This attitude toward temporal possessions was supported in their understanding of their relationship to Yahweh. They were Yahweh’s chosen people. In was not as an individual but as a people that they enjoyed the favor of Yahweh. They inherited their relationship with Yahweh, and they were responsible to use the gifts of God not just for oneself but for the welfare of all. The need to care for the poor, the widow, and the stranger was not out of compassion, but out of the right use of God’s gifts. Part of the scandal of the prodigal son is that he goes off to a foreign land to squander not only the wealth of his father, but also the wealth that was given to the community by Yahweh. How one used one’s possessions was more important in this society than accumulating the wealth. Situations like being a widow or an orphan left one in dire need, but those were not understood as being permanent conditions. The individual and the community both had a role to play in changing the situation. The widow could marry again, and the community had a responsibility in finding her a husband. Think of the seven brothers who married the same woman. (Matthew 22:24-25)

The parable itself is worthy of a few comments. Central to the parable is reversal of roles. The two men live lives that could not be more opposite. When death comes, the statuses are still polar opposites, but they are now reversed. In the first part, Lazarus is described as lying at the gate of the rich man. He is not a leper, since he is permitted inside the city, but his condition is so dire that scavenger dogs lick at his sores. (Even the dogs lick the wounds in a gesture of trying to offer healing and comfort.) But he is not begging, he is not trying to change his situation, nor is he inviting the rich man to respond to his situation. He is ritually unclean, but more importantly, he is unclean in the reality of his existence. Lazarus’ state is totally deplorable. The rich man for his part is described as totally decadent. His house, his clothing, and his daily table are like those of an important feast. There is so much food that even the scraps that fall to the floor would be sufficient to satisfy Lazarus’ hunger.

Lazarus’s situation is so deplorable that people of the day might easily assume that his situation is the result of being cursed by God for sins that he or one of his ancestors committed. The true reality is revealed in the second part of the parable. Both men are known to Abraham, they are both a part of God’s chosen people. Both share in God’s covenant, and that covenant creates a relationship between them. But the rich man ignores that relationship and its responsibility. The fact that he can name Lazarus indicates that he recognizes him and was aware of his presence at his gate. In death, their positions are reversed, but the distance between them continues. “Moreover, between us and you a great chasm is established to prevent anyone from crossing who might wish to go from our side to yours or from your side to ours.” (Luke 16:26)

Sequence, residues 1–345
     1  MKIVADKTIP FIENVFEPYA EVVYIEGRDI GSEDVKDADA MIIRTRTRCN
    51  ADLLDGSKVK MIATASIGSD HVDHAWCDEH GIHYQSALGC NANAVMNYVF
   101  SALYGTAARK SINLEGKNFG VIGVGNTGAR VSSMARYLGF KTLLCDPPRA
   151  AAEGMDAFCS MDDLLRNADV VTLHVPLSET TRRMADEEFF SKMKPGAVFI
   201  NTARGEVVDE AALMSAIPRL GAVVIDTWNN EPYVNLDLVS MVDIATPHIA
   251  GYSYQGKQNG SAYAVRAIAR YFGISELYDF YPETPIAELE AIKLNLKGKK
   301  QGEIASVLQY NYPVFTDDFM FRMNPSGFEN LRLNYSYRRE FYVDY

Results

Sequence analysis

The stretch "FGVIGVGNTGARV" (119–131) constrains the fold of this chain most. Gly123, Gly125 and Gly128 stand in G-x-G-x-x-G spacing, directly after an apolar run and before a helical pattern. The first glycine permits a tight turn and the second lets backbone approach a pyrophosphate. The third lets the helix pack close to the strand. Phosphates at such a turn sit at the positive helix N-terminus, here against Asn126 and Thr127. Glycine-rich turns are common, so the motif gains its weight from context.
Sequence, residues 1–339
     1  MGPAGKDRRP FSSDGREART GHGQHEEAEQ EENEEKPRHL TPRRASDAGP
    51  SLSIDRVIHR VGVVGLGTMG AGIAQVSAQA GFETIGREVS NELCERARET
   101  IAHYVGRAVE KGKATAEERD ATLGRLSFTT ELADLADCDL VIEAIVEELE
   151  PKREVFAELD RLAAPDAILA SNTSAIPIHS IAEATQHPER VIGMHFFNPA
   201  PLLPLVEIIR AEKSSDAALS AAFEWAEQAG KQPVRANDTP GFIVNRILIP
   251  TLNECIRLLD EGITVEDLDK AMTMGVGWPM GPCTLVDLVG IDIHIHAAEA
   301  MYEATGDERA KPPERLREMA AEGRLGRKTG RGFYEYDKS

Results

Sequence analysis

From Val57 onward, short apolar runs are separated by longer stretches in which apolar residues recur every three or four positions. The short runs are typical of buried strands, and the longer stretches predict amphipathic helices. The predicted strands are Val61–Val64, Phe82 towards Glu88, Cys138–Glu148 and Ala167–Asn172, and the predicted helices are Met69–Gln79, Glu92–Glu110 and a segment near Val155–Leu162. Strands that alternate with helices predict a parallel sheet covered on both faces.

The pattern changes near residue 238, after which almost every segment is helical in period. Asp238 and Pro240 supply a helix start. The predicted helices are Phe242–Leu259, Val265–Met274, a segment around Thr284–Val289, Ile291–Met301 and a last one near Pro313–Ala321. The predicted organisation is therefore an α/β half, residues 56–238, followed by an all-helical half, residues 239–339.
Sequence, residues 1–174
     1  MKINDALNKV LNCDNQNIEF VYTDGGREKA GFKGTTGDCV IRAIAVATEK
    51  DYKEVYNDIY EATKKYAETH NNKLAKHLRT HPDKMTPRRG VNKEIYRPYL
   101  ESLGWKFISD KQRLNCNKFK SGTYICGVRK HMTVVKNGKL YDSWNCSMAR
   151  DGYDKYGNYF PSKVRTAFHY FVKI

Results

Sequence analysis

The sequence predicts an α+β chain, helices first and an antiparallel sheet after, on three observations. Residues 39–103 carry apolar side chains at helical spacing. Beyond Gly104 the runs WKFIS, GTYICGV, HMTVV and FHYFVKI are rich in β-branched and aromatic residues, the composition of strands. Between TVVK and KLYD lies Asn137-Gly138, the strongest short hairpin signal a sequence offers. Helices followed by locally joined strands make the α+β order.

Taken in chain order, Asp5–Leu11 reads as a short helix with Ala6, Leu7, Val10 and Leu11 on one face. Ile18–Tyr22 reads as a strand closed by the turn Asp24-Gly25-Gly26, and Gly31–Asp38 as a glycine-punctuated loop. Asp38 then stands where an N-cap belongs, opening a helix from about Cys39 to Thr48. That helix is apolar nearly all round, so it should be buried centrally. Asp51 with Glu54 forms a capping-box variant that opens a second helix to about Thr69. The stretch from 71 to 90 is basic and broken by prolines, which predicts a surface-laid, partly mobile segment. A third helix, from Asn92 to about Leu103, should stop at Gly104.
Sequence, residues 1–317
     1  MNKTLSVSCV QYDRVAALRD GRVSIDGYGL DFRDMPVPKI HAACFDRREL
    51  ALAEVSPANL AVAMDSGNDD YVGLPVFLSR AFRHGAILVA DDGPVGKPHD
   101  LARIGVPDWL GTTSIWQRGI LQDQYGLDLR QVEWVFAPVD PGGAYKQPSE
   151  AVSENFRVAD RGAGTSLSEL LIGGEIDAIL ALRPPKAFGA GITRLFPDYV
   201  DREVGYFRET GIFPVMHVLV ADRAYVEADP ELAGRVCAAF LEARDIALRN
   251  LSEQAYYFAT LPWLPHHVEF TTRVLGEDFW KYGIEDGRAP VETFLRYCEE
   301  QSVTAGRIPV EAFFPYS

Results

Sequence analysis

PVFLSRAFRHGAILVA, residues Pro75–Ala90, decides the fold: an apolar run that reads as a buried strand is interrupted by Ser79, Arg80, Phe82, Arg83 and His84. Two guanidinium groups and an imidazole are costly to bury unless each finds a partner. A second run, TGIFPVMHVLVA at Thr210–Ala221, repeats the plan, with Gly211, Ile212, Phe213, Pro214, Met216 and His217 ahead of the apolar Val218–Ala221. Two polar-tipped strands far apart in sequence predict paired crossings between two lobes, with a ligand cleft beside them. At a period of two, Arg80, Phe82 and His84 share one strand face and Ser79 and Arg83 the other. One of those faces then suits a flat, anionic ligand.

Reflection Questions:

  1. What is your attitude toward wealth?
  2. Are you aware of times when your personal wealth or lack of it has been a barrier in your relationship with another?
  3. Are there times when your personal wealth has helped you cross barriers and enter into relationships with others?
  4. Do you know people who are particularly good at forming relationships across barriers that might separate people? What about them seems to permit that to happen?
  5. What is the most difficult barrier for you to cross in your relationships with others? What happens to you when you let the barrier be more powerful than your desire to cross that barrier?
  6. Do you believe that all creation comes from God, is sustained by God, and will return to God? H
  7. Do you believe that in the next life those who have suffered in this world are more likely to find God’s favor in heaven?
  8. Have you ever talked to God about your hopes and/or fears of life after death?
  9. When you hear Abraham describe the great chasm that separates Lazarus and the rich man, what happens within you? Are you aware of chasms in your life?
  10. Abraham addresses the rich man as “my child.” What does that say to you?
  11. Why is it that Abraham is able to welcome the poor man as his companion in heaven?
  12. As you read this gospel, what feelings or questions arose within you? Can you take some time to bring those to God?